If so, it would be an important signal to Corporate America, if Obama is willing to make it, that despite his quest for campaign contributions and frustrating hesitancy to go to the mat with misbehaving corporations, Obama still has the soul of the agent of change we elected four years ago. He ought to grasp at the opportunity.
Enron and the Wal-Mart Mexican bribery scandal don't have very much in common, but they share the same stench of moral turpitude at the highest levels of the executive suite. No amount of spin-doctoring and crisis management is going to make this one go away. If Wal-Mart thinks that it can make its south-of-the-border horror show evaporate with an SEC disclosure and a press release, it's got another thing coming.
This is not a one-day story that only the New York Times is going to follow. Expect Congress to jump on the bandwagon as well. I can just see Capitol Hill piling on even in the Republican-controlled House of Representatives, with Wal-Mart execs sweating it out in front of the cameras in Capitol Hill hearing rooms, being chastised by the likes of Gary Ackerman. Wal-Mart's share price will continue to be hammered as everyone involved takes a chunk out of Wal-Mart's hide.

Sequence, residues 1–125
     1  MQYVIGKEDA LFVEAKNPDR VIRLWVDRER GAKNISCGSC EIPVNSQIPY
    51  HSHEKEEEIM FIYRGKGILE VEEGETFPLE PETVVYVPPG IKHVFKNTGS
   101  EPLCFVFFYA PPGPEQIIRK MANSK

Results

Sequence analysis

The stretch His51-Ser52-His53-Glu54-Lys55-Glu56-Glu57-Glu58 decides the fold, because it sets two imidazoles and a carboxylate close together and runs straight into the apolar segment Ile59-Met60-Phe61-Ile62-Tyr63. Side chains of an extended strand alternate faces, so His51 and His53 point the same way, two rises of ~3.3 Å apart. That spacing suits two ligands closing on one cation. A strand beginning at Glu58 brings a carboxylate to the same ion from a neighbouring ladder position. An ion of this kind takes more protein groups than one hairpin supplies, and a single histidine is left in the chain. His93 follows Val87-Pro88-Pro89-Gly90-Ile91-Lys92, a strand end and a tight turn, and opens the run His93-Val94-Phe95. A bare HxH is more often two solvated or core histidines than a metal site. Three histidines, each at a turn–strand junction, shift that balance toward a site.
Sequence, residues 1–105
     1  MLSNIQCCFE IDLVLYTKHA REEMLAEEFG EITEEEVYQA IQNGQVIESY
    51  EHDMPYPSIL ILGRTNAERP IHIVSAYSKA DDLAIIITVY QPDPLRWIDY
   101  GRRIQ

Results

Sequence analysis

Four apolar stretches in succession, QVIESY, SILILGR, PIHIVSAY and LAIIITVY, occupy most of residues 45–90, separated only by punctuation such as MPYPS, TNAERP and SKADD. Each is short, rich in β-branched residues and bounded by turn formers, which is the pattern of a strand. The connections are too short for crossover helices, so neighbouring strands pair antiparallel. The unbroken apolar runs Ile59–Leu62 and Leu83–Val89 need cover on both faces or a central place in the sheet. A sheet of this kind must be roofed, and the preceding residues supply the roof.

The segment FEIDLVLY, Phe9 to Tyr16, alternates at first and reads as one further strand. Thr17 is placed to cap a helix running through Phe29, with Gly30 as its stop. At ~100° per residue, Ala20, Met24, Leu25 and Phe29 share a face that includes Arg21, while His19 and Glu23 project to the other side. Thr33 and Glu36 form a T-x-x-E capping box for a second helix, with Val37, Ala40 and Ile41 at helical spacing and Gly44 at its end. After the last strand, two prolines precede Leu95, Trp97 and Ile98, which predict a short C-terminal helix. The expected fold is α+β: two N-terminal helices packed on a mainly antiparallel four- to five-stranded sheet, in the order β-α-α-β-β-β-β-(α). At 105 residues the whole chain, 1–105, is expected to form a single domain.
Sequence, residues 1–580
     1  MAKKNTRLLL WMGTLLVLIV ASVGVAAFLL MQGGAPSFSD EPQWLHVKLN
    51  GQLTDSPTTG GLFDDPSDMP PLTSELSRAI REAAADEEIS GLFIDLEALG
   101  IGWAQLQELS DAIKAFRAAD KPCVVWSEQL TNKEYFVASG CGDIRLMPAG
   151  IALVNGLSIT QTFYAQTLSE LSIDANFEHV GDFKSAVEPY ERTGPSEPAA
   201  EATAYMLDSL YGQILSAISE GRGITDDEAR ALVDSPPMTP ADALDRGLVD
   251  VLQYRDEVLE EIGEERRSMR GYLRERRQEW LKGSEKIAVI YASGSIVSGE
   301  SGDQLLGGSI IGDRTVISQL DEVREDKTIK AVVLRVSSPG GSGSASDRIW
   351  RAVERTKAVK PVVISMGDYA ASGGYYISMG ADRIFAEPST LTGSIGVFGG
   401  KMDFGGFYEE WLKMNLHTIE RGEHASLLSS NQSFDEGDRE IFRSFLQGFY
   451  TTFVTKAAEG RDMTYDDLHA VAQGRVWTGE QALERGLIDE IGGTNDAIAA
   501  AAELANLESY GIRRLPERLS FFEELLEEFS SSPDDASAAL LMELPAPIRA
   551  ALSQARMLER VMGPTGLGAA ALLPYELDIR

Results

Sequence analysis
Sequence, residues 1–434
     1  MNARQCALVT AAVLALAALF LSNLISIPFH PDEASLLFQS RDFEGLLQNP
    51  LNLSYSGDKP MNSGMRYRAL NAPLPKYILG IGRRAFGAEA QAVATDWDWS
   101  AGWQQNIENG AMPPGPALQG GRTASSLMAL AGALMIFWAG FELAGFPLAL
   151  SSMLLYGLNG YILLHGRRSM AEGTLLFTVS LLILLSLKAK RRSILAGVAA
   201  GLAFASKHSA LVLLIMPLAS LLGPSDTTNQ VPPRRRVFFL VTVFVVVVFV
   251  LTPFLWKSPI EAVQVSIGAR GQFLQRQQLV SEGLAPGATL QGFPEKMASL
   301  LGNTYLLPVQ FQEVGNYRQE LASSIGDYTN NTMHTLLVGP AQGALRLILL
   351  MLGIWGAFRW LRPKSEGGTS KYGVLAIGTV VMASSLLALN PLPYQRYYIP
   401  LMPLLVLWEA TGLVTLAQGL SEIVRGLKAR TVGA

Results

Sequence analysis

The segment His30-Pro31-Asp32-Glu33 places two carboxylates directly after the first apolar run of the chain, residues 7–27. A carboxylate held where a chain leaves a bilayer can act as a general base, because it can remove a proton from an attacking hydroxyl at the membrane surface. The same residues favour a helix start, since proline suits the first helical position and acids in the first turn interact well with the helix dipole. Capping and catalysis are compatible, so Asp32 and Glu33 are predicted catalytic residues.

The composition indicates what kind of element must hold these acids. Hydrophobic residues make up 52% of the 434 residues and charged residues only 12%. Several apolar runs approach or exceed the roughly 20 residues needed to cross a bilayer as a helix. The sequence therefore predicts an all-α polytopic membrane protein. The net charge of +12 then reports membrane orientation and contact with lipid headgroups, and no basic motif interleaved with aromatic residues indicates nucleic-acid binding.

After all, even before this all happened, Wal-Mart was hardly the most warm and fuzzy of companies. Its thuggish behavior toward suppliers and employees is the stuff of legend, even though the atrocious publicity has died down from the feverish heights of a few years ago. They don't call it the "Bully of Bentonville" for nothing.
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Frantic counter-spin from Wal-Mart notwithstanding, it seems evident from the Times coverage that the company acted at the highest levels as if the FCPA was a stop sign at a deserted country intersection, to be driven past without stopping since no cop was likely to be within sight. Wal-Mart execs didn't seem to care that the FCPA authorizes criminal penalties that can be steep -- with potential penalties of as long as 20 years in prison for violators.